The castle of Bovino was built by the Norman Count Drogone and later expanded by Frederick II, and in the 1600s it was transformed into a noble residence by the dukes of Guevara. Currently inhabited by the descendants of the Guevara family, in the past it was one of the most beautiful patrician residences in the South of Italy.
The Norman tower exists and is supported by a massive barbacane, in pyramidal shape. The construction is still retains good, between rocks and walls that partly retain vestiges of roman and hanging gardens. The castle stands on a rocky spur and overlooks the whole valley, famous for the raids of the bandits who, until the advent of united Italy, took to assaulting and plundering caravans and coaches that, from the Campania Region, to reach the Adriatic coast, were forced to pass through this narrow and dangerous throat between the mountains. The rooms of the Palazzo Ducale offer the visitor the possibility to appreciate the rich decor and visit the small but charming private chapel with majolica floor, where there is preserved a fragment of Sacred Plug, nestled in a cross of admirable workmanship, together with many relics of saints including a particle of purpura of Jesus Christ.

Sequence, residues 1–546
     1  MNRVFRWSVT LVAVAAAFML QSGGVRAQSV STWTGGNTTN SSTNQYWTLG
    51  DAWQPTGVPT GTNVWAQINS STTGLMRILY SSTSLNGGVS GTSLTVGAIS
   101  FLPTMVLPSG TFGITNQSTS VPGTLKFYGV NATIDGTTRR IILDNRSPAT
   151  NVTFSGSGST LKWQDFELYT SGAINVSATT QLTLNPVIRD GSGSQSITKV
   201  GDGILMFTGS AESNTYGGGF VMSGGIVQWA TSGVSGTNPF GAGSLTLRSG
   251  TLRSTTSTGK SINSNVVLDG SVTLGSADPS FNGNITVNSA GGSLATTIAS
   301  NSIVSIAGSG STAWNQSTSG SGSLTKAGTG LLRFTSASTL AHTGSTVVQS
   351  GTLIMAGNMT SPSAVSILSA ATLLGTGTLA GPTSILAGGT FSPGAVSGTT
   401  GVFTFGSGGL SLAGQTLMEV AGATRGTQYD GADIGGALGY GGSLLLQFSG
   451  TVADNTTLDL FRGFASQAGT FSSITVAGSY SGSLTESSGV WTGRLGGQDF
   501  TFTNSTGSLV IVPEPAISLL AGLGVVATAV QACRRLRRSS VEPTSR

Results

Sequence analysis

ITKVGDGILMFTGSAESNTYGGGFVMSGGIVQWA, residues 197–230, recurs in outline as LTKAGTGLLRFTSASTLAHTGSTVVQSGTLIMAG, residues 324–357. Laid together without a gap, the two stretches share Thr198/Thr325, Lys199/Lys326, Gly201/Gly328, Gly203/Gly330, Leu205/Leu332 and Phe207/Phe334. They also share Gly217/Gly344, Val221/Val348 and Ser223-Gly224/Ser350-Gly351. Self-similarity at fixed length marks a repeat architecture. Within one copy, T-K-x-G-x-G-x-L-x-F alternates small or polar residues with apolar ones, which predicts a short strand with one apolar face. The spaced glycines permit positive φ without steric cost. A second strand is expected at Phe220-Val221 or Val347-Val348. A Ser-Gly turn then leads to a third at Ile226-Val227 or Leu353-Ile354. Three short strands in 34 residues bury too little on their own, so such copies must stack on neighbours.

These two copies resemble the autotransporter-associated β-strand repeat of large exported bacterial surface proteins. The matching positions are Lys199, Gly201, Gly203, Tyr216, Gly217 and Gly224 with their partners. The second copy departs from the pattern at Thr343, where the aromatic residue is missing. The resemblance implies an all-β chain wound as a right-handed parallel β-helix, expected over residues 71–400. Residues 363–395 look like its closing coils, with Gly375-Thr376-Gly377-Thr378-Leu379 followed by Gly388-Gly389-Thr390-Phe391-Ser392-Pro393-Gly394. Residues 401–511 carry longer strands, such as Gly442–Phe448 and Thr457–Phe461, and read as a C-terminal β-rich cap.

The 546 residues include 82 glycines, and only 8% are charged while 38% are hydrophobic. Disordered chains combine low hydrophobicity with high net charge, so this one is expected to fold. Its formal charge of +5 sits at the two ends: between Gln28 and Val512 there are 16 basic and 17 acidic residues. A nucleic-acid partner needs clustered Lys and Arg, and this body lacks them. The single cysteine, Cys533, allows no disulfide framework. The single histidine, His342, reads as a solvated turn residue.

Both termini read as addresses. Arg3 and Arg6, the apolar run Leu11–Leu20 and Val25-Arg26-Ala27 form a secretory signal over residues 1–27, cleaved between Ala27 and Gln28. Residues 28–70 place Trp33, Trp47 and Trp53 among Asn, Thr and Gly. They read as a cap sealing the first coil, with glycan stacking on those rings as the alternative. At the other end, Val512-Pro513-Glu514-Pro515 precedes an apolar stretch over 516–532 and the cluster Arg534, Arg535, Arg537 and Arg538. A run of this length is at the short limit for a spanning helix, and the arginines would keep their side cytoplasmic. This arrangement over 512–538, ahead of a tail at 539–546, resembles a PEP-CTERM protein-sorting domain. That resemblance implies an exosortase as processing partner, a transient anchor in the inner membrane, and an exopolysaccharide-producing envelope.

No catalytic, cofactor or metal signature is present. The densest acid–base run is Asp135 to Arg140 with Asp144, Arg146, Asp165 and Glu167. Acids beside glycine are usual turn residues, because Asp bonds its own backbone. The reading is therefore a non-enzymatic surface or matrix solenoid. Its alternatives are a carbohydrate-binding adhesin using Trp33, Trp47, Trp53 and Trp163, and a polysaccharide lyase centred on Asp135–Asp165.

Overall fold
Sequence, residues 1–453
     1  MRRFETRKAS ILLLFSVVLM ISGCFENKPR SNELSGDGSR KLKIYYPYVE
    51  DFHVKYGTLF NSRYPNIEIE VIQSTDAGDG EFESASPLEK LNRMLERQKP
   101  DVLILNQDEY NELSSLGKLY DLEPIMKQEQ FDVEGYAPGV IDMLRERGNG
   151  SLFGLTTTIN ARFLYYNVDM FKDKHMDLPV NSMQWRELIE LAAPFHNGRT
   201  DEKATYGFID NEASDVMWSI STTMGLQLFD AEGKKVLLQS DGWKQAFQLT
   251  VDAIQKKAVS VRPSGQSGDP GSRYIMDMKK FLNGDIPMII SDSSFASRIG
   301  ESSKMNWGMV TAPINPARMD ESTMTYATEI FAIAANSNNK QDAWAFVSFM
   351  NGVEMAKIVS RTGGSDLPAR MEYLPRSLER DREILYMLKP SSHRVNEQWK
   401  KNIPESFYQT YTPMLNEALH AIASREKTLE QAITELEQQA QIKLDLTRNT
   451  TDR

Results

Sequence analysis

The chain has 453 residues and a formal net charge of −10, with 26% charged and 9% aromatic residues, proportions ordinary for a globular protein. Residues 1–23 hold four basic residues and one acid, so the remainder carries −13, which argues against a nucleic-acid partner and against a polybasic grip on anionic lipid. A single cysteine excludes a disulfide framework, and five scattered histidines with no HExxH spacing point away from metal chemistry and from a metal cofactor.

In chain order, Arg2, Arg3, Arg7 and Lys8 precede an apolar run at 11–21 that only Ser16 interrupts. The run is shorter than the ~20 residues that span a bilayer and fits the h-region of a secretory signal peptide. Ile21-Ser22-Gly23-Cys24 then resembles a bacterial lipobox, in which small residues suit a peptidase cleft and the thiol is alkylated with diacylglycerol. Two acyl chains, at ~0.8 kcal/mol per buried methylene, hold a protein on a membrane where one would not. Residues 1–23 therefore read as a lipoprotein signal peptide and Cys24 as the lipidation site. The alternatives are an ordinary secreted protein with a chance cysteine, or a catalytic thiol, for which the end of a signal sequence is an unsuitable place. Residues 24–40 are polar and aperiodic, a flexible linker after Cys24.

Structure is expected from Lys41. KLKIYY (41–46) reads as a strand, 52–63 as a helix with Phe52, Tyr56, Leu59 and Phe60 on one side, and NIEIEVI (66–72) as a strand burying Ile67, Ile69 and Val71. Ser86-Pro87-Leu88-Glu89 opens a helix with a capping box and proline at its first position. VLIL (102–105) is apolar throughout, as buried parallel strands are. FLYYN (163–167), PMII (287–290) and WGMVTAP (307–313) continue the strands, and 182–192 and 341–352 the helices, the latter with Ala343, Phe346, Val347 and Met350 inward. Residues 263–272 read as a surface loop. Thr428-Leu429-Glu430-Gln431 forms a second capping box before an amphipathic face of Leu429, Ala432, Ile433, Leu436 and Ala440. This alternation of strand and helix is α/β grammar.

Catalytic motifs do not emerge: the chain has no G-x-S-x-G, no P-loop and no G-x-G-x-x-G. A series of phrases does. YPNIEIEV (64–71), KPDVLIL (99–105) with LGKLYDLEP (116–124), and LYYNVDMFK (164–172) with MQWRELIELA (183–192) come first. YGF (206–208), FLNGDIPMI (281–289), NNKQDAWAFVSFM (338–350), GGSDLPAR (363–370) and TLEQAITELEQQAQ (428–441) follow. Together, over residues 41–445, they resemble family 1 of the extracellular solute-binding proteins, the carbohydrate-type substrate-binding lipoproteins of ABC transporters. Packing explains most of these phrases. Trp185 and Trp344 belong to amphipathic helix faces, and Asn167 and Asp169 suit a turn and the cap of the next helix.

The historic city of Trogir is situated on a small island between the Croatian mainland and the island of Čiovo. Since 1997, it has been included in the UNESCO list of World Heritage Sites for its Venetian architecture.
Trogir has 2300 years of continuous urban tradition. Its culture was created under the influence of the ancient Greeks, and then the Romans, and Venetians. Trogir has a high concentration of palaces, churches, and towers, as well as a fortress on a small island. The orthogonal street plan of this island settlement dates back to the Hellenistic period and it was embellished by successive rulers with many fine public and domestic buildings and fortifications. Its beautiful Romanesque churches are complemented by the outstanding Renaissance and Baroque buildings from the Venetian period.
Trogir is the best-preserved Romanesque-Gothic complex not only in the Adriatic, but in all of Central Europe. Trogir's medieval core, surrounded by walls, comprises a preserved castle and tower and a series of dwellings and palaces from the Romanesque, Gothic, Renaissance and Baroque periods. Trogir's grandest building is the church of St. Lawrence, whose main west portal is a masterpiece by Radovan, and the most significant work of the Romanesque-Gothic style in Croatia.